As is typical of most areas of the world that straddle the equator, climate change disproportionately effects Central American countries, especially in the “Dry Corridor” of Guatemala, El Salvador, Honduras and Nicaragua. This summer’s drought leads some analysts to conclude that millions of Central Americans may face a devastating food shortage in the coming months. And as the clouds of food insecurity gather, other social maladies such as crime and poor public health outcomes may be exacerbated.
Lower than average rainfall in June and July has led to major crop losses for small-scale maize and bean farmers in Central America’s “Dry Corridor”, which runs through Guatemala, El Salvador, Honduras and Nicaragua.
This means subsistence farmers will not have enough food to eat or sell in the coming months, and have no food supplies to see them through the lean time between harvests.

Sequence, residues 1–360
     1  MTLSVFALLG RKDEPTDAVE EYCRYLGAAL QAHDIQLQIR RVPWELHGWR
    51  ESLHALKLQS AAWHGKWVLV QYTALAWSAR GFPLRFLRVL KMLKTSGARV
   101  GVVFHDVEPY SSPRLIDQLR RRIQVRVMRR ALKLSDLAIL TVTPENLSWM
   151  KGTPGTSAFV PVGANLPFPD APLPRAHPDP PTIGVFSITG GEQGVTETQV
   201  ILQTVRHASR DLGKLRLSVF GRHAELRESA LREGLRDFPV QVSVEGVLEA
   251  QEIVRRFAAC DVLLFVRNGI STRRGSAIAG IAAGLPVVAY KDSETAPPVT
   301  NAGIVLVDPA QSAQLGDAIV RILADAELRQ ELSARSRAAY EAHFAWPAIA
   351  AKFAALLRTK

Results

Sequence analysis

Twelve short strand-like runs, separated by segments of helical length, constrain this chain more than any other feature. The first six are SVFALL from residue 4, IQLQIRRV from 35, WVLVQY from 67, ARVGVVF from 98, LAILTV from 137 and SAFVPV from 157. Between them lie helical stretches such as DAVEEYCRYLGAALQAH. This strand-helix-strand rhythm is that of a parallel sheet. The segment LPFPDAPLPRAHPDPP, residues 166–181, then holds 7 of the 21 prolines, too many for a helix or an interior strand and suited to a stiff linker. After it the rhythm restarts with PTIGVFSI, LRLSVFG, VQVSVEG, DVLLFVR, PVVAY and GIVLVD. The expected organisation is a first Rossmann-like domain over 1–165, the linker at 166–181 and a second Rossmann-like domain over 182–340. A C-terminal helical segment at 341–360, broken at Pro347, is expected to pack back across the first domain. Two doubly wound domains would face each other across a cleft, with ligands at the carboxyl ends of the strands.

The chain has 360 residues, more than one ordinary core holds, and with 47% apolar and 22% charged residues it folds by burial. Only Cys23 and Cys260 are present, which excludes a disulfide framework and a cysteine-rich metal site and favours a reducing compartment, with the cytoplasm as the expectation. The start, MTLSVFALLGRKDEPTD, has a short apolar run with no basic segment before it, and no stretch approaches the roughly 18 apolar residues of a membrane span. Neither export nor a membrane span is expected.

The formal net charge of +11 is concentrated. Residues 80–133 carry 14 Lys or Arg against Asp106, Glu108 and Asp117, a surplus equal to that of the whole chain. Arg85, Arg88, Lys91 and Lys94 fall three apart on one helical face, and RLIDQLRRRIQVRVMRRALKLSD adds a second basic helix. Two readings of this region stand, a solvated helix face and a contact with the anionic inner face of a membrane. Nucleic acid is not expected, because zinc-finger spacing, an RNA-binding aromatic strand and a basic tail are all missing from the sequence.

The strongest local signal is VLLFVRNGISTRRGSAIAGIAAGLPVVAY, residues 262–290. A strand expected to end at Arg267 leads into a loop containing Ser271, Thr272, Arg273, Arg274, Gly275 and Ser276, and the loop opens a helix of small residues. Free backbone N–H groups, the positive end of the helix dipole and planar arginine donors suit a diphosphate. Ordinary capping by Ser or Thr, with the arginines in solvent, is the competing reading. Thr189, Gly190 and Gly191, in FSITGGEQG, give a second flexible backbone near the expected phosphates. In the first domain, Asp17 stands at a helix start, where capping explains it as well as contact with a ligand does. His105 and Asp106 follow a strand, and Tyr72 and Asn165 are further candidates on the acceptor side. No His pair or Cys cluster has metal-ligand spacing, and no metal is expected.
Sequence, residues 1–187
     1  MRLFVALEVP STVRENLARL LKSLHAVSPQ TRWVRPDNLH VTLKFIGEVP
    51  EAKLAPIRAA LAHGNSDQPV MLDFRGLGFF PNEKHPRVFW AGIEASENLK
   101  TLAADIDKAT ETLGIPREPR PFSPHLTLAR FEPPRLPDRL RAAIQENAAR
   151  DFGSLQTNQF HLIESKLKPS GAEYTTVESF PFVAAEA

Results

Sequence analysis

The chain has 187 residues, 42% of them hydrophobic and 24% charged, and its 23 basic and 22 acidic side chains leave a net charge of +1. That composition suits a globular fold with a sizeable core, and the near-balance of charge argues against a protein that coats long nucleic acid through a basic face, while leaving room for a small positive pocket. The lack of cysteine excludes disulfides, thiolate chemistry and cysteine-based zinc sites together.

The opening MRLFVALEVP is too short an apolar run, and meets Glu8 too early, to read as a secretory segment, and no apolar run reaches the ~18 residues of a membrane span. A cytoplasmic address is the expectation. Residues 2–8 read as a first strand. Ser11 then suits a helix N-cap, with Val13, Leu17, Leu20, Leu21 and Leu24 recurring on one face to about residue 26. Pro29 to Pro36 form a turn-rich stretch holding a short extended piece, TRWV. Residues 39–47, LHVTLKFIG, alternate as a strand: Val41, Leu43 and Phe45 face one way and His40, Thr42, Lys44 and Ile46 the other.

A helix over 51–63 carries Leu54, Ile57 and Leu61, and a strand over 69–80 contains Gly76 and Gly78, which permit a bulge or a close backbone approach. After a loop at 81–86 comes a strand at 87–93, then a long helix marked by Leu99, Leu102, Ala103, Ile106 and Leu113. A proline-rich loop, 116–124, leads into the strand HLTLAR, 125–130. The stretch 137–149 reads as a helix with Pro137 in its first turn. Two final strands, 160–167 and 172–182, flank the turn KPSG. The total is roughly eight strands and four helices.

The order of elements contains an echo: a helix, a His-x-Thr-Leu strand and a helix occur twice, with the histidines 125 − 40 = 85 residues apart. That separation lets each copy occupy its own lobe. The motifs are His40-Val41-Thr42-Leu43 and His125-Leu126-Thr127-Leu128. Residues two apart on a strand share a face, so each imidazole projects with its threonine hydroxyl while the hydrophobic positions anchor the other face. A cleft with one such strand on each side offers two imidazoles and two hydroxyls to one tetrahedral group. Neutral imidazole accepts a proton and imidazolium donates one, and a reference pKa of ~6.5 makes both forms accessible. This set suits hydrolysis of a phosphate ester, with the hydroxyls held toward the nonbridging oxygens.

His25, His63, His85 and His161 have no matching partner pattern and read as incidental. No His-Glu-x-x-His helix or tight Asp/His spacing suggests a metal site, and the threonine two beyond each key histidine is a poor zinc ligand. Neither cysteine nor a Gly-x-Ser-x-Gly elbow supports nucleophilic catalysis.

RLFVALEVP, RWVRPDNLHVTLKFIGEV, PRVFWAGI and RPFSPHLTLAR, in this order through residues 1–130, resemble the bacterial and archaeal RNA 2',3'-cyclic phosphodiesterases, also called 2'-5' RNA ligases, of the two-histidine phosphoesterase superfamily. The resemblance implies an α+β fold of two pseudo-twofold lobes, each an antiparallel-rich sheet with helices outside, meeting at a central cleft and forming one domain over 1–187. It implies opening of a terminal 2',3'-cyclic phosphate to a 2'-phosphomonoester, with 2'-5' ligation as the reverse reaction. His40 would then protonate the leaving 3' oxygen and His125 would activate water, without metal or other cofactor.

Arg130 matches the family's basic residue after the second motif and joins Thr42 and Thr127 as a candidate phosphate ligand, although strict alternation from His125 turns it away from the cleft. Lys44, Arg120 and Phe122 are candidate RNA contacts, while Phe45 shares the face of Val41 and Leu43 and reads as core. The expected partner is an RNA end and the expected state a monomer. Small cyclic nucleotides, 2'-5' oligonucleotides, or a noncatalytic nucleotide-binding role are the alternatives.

“Climate-related disasters are clearly becoming more frequent and causing more damage,” Miguel Barreto, WFP’s regional director for Latin America and the Caribbean, told the Thomson Reuters Foundation by email.
“Projected temperature increases and rainfall shortages in the Dry Corridor are of particular concern.”
The United Nations says Central America is one of the regions most vulnerable to extreme weather linked to climate change.
The region was hit hard by consecutive years of drought from 2014 to mid-2016, which left millions in need of food aid.
“The warning this year is that in the poor areas, that is the dry corridor, people have already used their (food) stock,” said Oscar Rojas, natural resources officer with the U.N. Food and Agriculture Organization (FAO).